Anti-truancy success in Scotland

A new anti-truancy technology from a company co-founded by Bob Geldof is helping to reduce incidents of truancy across Scotland. The latest figures show that a reduction of as much as 27 per cent has been recorded in some areas since the new technology was implemented.

Jan 11, 2007
By David Howell

A new anti-truancy technology from a company co-founded by Bob Geldof is helping to reduce incidents of truancy across Scotland. The latest figures show that a reduction of as much as 27 per cent has been recorded in some areas since the new technology was implemented.

Groupcall Messenger allows schools to send text messages (SMS) to the mobile phones of parents, staff and other school contacts or voice messages to landlines or mobile phones, for a low monthly subscription fee. The system was developed in consultation with primary and secondary schools and provides First Day Contact, unauthorised absence chasing and general parental communication in one integrated desktop solution. The Groupcall system reads pupil and attendance information live and in real time from the school’s management system. A multi-lingual version enables schools to send messages in any language required by the school community.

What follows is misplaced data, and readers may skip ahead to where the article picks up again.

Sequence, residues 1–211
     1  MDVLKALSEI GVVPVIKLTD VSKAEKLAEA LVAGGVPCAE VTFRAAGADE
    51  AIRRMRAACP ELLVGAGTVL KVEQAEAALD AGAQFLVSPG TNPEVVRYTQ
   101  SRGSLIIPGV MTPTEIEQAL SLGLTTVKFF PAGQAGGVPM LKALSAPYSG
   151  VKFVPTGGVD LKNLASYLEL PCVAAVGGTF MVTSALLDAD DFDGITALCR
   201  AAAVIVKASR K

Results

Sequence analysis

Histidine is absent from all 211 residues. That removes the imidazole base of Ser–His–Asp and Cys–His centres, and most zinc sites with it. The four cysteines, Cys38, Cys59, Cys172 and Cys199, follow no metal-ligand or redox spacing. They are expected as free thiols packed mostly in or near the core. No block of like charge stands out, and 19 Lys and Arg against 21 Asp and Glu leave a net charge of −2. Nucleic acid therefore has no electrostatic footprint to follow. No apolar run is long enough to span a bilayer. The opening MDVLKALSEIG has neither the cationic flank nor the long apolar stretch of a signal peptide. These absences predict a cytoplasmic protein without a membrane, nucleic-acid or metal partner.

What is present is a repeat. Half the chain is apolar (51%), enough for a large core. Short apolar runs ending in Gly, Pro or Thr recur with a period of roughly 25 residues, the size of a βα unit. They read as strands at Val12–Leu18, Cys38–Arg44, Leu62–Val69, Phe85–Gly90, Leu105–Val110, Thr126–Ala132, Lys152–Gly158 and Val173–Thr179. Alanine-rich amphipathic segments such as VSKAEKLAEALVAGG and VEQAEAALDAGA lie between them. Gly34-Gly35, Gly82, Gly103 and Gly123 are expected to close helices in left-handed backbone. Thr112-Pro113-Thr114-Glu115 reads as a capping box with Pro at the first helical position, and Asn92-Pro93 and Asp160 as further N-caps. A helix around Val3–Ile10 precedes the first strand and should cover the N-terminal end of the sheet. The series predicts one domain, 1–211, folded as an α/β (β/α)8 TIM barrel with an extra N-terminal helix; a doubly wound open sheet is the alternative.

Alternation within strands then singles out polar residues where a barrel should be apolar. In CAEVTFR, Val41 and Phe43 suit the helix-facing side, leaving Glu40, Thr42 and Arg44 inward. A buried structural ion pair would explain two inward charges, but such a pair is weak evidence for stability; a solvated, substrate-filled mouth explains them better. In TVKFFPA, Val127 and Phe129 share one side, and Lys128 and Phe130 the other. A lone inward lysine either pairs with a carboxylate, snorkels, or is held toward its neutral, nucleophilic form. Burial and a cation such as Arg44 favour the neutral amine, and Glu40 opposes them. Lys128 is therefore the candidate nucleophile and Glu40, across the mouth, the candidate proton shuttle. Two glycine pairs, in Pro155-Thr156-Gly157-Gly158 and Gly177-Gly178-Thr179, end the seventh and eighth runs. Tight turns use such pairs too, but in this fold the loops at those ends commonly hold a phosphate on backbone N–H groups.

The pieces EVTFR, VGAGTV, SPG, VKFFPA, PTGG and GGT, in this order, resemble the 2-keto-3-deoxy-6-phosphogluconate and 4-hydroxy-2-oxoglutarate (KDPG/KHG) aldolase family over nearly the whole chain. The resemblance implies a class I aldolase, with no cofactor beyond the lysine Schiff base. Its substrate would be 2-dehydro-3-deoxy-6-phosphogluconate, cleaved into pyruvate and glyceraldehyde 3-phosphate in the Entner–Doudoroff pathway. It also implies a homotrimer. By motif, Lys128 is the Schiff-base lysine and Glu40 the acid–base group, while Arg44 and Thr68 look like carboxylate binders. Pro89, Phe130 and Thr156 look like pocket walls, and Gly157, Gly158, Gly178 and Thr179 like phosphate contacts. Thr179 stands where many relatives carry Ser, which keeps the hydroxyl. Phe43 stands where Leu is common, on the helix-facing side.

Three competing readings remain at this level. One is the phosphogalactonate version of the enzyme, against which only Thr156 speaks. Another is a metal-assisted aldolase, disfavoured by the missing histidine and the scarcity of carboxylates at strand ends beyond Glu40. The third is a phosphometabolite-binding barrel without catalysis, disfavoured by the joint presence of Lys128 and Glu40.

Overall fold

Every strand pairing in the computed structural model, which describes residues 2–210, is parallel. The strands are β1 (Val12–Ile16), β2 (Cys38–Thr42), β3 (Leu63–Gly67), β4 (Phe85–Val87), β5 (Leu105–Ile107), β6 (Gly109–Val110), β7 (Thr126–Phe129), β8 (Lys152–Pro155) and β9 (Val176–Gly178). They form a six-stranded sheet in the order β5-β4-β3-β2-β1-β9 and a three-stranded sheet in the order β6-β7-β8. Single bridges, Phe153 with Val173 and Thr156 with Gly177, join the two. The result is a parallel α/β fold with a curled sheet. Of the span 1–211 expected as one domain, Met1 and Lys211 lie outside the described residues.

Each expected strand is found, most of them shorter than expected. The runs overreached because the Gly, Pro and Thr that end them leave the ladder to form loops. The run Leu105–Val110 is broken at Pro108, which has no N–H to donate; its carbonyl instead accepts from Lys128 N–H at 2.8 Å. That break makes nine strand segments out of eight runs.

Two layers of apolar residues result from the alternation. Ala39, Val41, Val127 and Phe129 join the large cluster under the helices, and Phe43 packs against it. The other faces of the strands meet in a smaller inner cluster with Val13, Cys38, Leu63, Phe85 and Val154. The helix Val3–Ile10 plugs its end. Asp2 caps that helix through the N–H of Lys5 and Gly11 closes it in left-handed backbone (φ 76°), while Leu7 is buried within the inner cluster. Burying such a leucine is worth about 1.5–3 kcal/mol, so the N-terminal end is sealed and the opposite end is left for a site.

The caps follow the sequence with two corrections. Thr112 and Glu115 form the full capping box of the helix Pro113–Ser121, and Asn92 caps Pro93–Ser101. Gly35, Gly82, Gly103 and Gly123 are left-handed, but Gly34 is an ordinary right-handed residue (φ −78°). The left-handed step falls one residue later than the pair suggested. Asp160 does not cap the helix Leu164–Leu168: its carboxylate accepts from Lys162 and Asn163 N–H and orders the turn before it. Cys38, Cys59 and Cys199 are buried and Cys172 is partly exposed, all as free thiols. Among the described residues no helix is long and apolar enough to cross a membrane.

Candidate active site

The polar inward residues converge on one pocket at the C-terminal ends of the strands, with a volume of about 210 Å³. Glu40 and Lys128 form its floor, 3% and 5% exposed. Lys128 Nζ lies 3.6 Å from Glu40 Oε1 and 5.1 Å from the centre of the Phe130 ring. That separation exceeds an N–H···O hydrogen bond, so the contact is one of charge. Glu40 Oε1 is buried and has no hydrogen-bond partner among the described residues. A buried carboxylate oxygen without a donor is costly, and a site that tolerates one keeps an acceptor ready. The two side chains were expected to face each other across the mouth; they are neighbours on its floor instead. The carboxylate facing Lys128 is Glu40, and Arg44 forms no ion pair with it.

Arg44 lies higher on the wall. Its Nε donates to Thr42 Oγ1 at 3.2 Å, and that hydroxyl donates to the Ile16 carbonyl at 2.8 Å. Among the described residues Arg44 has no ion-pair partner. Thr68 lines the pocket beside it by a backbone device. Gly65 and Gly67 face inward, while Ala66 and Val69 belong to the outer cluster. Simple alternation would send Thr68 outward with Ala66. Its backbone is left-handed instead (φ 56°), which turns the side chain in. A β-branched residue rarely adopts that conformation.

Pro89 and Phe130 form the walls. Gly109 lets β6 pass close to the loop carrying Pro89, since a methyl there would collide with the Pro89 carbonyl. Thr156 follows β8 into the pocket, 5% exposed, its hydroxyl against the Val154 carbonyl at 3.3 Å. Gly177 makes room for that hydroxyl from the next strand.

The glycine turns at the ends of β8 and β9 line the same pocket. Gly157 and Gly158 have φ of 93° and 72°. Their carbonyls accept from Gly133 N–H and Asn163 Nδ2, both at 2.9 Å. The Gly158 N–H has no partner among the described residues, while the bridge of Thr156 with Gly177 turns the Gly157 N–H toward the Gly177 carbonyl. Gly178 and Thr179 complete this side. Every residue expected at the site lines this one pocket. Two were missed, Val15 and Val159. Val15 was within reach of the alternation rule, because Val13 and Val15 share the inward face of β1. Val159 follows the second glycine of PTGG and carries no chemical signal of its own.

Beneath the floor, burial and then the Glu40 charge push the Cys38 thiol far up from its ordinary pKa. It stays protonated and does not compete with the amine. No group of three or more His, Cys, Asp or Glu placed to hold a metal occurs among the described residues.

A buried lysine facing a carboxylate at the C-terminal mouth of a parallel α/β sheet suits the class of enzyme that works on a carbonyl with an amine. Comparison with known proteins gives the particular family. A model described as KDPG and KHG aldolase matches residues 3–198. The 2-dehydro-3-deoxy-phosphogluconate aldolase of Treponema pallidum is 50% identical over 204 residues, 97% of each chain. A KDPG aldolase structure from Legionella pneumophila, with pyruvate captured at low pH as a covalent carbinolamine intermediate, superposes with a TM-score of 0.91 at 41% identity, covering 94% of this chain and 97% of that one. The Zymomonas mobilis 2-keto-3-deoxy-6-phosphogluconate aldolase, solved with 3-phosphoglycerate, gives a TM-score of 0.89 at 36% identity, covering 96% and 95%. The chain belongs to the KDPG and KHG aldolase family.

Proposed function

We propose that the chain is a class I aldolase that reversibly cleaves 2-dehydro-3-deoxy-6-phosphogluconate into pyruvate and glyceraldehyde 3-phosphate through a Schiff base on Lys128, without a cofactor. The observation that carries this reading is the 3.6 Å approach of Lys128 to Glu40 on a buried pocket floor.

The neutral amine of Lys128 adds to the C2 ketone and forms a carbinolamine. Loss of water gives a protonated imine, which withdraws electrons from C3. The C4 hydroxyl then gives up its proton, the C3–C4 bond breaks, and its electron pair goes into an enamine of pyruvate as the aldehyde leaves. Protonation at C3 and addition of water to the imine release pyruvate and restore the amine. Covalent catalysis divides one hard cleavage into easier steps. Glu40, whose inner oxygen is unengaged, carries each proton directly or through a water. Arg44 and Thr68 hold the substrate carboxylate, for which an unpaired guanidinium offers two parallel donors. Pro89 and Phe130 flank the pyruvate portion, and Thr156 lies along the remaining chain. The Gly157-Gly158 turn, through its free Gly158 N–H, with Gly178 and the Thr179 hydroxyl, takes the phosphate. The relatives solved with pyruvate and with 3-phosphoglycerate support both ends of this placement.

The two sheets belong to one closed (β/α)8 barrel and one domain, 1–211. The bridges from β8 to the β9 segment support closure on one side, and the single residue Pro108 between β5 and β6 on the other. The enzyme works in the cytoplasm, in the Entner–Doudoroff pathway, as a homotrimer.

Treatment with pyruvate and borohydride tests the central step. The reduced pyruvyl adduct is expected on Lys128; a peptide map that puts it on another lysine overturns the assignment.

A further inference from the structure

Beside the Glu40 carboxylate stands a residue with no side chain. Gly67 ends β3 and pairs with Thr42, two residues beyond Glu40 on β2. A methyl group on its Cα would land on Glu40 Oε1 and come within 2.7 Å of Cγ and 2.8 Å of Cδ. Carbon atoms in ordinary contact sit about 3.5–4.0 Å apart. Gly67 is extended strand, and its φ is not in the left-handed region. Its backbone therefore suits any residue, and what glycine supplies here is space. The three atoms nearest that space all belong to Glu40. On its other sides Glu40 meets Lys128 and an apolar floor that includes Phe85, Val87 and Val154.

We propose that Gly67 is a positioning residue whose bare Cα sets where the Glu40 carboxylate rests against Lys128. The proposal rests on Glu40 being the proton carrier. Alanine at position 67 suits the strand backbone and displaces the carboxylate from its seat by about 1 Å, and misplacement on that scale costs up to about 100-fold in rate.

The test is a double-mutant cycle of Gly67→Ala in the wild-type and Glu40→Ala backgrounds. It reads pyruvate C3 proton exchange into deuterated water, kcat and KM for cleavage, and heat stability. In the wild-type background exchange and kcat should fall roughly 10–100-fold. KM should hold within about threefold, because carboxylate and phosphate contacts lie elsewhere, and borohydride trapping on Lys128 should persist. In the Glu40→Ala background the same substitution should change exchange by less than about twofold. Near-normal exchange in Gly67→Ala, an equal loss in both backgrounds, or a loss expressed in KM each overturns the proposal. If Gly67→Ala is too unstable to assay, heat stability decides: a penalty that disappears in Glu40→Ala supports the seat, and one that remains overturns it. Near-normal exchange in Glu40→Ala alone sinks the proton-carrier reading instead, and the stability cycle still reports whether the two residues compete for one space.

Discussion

“This is a phenomenal result,” said Mr Geldof. “Given that truancy rates have been increasing year on year, these figures represent a significant milestone for the technology in tackling truancy. We now have definitive evidence that this inexpensive system significantly reduces truancy. The potential ramifications of that for the rest of the country are huge.”

More than half of Scottish authorities have been using the Groupcall Messenger system over the past year following the announcement of a year-long pilot in 2005 by the Scottish Executive.

Scottish Education Minister Hugh Henry said: “Education is too important to allow pupils to miss lessons needlessly through truancy. That`s why we started a national pilot of automated alerts – currently being used in around 600 schools – to establish whether this would help crack down on truancy.

“It`s clear that the systems not only discourage absence but also have an added child protection benefit, alerting parents if their child unexpectedly fails to turn up at school. Following the success of the pilot, I`d encourage more schools to consider implementing absence alerts. Just last week, I announced that all schools would receive a share of £40 million for educational resources – and an alert system is an example of what they could use the cash for.

“I`m sure the alert system will help us continue to make inroads into tackling truancy. In particular, it will free up staff time to concentrate on the hard core of persistent truants – the two per cent of pupils responsible for half of truancy.”

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